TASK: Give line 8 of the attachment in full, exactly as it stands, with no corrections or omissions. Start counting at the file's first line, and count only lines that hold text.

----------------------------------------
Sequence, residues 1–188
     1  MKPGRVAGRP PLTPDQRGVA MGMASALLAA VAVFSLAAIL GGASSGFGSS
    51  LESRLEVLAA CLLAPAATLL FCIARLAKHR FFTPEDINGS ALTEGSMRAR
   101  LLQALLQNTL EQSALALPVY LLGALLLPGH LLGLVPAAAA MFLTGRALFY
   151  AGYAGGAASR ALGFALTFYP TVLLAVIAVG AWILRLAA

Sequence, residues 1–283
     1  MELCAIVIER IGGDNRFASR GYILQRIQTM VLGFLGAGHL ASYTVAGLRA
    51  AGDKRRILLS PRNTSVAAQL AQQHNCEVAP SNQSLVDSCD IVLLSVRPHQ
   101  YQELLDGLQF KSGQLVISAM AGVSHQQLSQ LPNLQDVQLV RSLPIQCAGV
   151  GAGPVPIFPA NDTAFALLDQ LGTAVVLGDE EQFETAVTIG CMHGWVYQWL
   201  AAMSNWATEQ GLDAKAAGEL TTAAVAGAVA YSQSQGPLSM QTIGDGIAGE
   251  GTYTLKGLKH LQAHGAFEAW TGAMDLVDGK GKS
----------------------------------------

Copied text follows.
    51  AGDKRRILLS PRNTSVAAQL AQQHNCEVAP SNQSLVDSCD IVLLSVRPHQ